3.1. Configure the DNS Records

To achieve this, we need to set two DNS records: one for the subdomain and the wildcard for all its second-level subdomains. On Google Domains, these records are set as below, it should be similar to your registrar.

Example DNS records for using test subdomain and its second-level subdomains

Replace with the public IP address of your EC2 instance and “test” with the subdomain you want to use.

If you want to use your root domain (e.g. and have the apps be deployed as first-level subdomains (e.g., then delete “test” to leave it blank (or replace it with depending on registrar) in the first A record and remove “.test” from the second record leaving only the asterisk symbol (*).

3.2. Install CapRover

Now we are ready to install our PaaS, CapRover. It is just like running any other Docker container:

docker run -p 80:80 -p 443:443 -p 3000:3000 -v /var/run/docker.sock:/var/run/docker.sock -v /captain:/captain caprover/caprover

If the installation is successful, you will see the messages below.

If you are using an existing VPS with a firewall, you will receive an error in this step. If you do, configure your firewall to open the ports we’ve opened on the AWS dashboard in section 1.3. See CapRover install documentation for more information.

3.3. Configure CapRover

Now, we can log in to the CapRover dashboard by navigating to port 3000 of the IP address of our EC2 instance. Use the default password, captain42 to log in.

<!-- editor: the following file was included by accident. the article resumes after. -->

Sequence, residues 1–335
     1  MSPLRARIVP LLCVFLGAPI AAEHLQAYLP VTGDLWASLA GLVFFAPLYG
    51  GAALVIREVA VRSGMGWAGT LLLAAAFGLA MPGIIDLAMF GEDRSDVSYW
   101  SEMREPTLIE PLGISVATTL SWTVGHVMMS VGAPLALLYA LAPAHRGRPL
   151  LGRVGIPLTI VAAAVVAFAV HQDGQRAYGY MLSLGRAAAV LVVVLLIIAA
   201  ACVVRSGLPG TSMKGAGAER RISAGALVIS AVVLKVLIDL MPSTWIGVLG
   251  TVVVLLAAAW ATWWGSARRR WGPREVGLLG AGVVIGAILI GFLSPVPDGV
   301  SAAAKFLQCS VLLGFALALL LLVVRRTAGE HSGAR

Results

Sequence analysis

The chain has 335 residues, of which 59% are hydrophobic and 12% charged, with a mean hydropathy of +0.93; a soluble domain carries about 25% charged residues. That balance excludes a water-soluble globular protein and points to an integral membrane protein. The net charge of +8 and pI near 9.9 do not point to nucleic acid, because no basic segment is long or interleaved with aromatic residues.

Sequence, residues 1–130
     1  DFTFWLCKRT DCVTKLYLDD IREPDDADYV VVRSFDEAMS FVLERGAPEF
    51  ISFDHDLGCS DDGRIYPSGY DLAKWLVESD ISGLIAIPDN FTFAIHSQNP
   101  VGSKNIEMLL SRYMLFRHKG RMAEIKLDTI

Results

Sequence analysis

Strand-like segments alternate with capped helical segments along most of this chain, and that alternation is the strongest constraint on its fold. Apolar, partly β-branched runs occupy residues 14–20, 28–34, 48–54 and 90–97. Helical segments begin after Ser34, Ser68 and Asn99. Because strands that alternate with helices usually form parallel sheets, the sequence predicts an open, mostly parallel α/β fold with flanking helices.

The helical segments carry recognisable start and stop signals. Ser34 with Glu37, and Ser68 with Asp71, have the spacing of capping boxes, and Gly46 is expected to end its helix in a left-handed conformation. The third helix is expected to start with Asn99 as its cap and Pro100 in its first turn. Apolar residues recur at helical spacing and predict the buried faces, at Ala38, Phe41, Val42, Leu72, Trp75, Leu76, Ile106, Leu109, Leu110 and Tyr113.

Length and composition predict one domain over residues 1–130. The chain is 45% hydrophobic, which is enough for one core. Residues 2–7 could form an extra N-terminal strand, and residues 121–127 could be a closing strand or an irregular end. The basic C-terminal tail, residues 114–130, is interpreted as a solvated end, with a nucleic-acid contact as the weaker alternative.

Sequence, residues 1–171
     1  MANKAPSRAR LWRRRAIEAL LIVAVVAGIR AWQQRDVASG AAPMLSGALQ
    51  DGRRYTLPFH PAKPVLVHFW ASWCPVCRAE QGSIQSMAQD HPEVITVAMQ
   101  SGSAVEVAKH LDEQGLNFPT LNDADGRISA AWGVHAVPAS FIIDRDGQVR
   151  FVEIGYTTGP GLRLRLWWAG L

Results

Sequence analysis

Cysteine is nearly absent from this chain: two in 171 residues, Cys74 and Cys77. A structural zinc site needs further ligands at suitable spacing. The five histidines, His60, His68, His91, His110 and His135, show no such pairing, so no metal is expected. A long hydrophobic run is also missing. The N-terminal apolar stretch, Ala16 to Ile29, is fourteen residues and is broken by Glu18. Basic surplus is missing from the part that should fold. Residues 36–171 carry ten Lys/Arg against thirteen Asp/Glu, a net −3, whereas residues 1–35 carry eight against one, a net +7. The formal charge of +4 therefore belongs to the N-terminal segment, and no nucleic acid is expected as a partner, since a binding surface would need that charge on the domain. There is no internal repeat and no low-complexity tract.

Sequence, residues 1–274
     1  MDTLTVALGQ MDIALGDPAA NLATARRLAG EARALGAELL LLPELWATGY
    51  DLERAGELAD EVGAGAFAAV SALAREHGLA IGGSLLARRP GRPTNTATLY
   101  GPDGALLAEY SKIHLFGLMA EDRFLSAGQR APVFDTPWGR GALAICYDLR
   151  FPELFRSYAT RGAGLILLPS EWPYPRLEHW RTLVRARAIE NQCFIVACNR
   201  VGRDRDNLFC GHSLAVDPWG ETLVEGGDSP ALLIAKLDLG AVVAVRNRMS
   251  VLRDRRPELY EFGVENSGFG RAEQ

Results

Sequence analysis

CapRover login screen

When logged in, you will see the following form the configure your main domain. Type in your domain, click “Update Domain” which will redirect you to log in again. When you do, click on “Enable HTTPS”, then “Force HTTPS” to have certbot get you an SSL certificate and renew it as needed.

Then, change the default password from the Settings menu.

3.4. Install Your First App

We’ll start with the One-Click Apps option to spin up a PostgreSQL server. When you select this option on the Apps page, you’ll see a wide selection of applications that are available to be deployed with one click.

One Click Apps page

Simply, search for PostgreSQL, select it, give it an app name and click on Deploy.

This will create a docker image on your server with PostgreSQL installed.

To import the existing databases of the apps we are migrating, we will need to connect to this database from our local computer. So, we need to map port 5432 of this container to the same port on our host. To do this, go to the Apps page, select the PostgreSQL app we have created, find the Add Port Mapping button and add a rule with 5432 in both boxes as below.

Lastly, click on Save & Update.

We will move a database to this container in section 5.

In this section, we will deploy this test Flask application and set up a continuous deployment workflow to have it be redeployed with every commit we push to GitHub.

You can follow these same steps if you are deploying your app for the first time.

4.1. Create a GitHub Repo (if one doesn’t exist)

This part will depend on your existing workflow. If you had connected a GitHub repository to your Heroku account for automatic deployment, you can skip this section.